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Give reasons for the following.
Benzaldehyde reduces tollen’s but not the Fehling’s or benedict’s solution

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Last updated date: 15th Jul 2024
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Answer
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Hint: Benzaldehyde has a carbonyl group and benzene. Benzene ring produces a +R effect on the carbonyl group. Due to +R effect of the benzene ring of the benzaldehyde, the electron density in the carbonyl group of benzaldehyde increases.

Complete answer:
Due to this, the electron density in the \[CH\] bond of the aldehyde group increases.
 As a\[CH\] result, the bond becomes stronger and hence only oxidising agent like tollens agent \[Ag{(N{H_3})_2}^ + \] which as can oxidise \[CH\] bond into \[COH\] bond, from carboxylic acids.
This is not possible for weaker oxidising agents like Fehling’s solution or Benedict's solution fail to oxidise benzaldehyde into benzoic acid.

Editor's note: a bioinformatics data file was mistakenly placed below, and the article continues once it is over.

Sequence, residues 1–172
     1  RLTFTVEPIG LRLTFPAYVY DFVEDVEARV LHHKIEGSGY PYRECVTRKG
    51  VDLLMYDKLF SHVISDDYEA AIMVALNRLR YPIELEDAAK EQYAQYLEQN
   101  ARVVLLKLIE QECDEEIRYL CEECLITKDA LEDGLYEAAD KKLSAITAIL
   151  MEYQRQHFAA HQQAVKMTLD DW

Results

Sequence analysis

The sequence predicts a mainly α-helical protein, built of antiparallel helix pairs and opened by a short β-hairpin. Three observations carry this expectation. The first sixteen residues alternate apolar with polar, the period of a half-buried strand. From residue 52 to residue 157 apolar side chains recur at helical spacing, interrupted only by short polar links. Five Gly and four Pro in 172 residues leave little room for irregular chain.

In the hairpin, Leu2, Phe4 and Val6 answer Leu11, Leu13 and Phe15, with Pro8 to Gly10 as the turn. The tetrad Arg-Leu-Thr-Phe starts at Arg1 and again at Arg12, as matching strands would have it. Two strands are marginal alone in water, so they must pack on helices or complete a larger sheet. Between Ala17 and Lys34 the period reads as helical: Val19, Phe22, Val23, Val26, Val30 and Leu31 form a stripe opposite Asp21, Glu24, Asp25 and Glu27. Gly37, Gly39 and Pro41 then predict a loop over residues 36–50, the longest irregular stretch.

In Fehling solution, it is an alkaline solution of copper sulphate which contains sodium potassium tartrate.
When Fehling’s solution is added to an aldehyde, it produces a red coloured precipitate. This red coloured precipitate is actually cuprous oxide. When we add Fehling’s solution with acetaldehyde, it gives acetic acid and cuprous oxide.
\[C{H_3} - CHO + 2CuO \to C{H_3}COOH + C{u_2}O\]
But when benzaldehyde is added, it rapidly converts into benzyl alcohol and sodium benzoate because of the presence of alkali. It occurs with the help of a Cannizzaro reaction. Here, there is no formation of cuprous oxide to give out a red precipitate.

Note:
In Fehling solution, it is an alkaline solution of copper sulphate which contains sodium potassium tartrate. This red coloured precipitate formed is actually cuprous oxide. Benzaldehyde has presence of both carbonyl group and benzene.